Philip Morris fights Australia over cigarette packaging
An Egyptian man lights a cigarette in Cairo on June 10, 2010.
STEVE CHIOTAKIS: Tobacco giant Philip Morris is now threatening to sue Australia saying the government there is violating international law by requiring all cigarette packs be sold in generic packages with pictures of diseases caused by smoking.
Reporter Stuart Cohen joins us from Sydney to explain. Good morning, Stu.
STUART COHEN: Good morning.
What is Philip Morris accusing the Australians of doing, exactly?
COHEN: It's a bit technical. All Phillip Morris cigarettes that are sold in Australia are actually sold by 'Phillip Morris Asia' -- which is based in Hong Kong. So what Philip Morris says is that forcing removal of its trademarks from its products would violate the terms of a investment treaty Australia has with Hong Kong. That's something the company says is enforceable under United Nations trade rules, and they're seeking billions of dollars in compensation if the law goes ahead.
Phillip Morris Asia's spokeswoman Anne Edwards talked with the Australian media today and here's what she had to say.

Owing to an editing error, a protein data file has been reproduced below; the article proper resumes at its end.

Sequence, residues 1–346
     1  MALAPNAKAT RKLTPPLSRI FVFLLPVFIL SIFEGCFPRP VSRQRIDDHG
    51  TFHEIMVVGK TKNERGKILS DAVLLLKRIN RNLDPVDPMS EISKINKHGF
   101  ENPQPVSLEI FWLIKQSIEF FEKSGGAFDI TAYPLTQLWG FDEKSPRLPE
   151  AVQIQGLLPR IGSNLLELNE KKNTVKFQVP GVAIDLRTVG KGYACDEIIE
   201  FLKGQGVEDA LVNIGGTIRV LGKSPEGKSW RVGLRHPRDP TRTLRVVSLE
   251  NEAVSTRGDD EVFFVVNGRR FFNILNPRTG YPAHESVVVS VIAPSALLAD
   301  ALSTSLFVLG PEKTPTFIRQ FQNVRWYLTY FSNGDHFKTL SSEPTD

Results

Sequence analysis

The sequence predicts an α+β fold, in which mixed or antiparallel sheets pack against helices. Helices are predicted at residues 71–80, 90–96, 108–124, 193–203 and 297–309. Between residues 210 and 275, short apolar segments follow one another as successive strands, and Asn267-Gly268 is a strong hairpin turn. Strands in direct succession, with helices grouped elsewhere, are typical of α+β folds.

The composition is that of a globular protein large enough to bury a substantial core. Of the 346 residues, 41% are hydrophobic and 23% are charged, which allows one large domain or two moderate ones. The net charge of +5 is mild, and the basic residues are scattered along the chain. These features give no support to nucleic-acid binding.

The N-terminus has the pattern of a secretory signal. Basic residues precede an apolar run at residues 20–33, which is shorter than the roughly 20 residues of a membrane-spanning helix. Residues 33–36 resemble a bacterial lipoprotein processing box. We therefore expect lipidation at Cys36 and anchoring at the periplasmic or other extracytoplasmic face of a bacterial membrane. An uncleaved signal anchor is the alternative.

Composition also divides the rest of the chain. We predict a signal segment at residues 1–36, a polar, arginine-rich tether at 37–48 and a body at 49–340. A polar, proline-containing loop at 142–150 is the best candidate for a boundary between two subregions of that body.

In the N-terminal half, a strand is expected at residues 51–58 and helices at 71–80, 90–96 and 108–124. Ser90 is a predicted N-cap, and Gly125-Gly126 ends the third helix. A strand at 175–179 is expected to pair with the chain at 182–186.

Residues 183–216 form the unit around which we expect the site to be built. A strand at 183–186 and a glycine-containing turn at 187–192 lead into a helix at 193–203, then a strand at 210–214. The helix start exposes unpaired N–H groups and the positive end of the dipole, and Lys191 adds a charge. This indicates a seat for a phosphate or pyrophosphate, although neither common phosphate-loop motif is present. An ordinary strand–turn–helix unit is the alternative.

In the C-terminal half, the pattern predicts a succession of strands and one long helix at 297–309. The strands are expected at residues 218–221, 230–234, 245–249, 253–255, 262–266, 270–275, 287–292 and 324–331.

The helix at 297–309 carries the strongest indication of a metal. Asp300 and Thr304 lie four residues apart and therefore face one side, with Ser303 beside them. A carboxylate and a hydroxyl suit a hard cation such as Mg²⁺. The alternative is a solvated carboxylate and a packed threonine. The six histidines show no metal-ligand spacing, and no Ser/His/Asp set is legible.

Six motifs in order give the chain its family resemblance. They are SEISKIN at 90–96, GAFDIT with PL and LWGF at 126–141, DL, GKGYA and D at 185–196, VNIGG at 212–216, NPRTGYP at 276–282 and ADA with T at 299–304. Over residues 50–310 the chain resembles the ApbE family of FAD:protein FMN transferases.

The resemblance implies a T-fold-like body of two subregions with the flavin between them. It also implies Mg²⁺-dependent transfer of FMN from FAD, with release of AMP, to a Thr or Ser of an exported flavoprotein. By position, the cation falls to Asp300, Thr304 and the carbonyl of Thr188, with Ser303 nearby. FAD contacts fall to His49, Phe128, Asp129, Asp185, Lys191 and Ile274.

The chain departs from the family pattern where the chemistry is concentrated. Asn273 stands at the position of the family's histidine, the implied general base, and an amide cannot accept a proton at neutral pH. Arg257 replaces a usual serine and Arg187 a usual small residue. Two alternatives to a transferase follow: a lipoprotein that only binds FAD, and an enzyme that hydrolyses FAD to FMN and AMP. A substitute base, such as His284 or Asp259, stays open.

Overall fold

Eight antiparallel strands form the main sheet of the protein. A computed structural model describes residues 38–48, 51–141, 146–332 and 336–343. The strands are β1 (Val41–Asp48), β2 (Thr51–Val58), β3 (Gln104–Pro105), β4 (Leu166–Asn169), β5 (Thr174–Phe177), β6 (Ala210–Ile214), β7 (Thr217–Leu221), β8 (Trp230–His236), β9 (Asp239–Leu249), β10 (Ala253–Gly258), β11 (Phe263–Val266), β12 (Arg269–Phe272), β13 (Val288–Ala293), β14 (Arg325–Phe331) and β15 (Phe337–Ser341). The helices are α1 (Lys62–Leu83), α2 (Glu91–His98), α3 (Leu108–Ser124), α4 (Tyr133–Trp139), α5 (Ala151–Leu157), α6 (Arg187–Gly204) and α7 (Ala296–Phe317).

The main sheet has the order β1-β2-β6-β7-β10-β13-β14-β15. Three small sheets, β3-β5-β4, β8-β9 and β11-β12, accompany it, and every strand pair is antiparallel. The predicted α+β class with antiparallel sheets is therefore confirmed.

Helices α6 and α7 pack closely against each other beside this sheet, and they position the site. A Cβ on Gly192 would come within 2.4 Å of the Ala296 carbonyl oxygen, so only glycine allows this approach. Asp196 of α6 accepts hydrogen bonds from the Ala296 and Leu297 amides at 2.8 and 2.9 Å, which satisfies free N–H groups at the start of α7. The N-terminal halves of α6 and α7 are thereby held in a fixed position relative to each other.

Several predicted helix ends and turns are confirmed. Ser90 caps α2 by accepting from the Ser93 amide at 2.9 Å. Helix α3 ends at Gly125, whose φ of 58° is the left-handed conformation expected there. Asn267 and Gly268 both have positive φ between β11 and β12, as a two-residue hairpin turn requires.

ANNE EDWARDS: By attempting to take our company property, which is what the government is essentially doing, it's a very, very clear violation of the investment treaty that Australia has with Hong Kong.
CHIOTAKIS: Stuart, the U.S. just put out its new packaging and there are scary images, and big tobacco was saying that the government was violating laws here in this country. Could the legal debate down there spread back here to the United States?
COHEN: Well, Australia is really the canary in the coal mine with this whole thing. The rest of the world is watching and any successful challenges to the Australia law will certainly be tried in the U.S. and of course any other countries working on similar laws.
CHIOTAKIS: All right, Stuart Cohen in Sydney. Stuart thank you.
COHEN: Always a pleasure.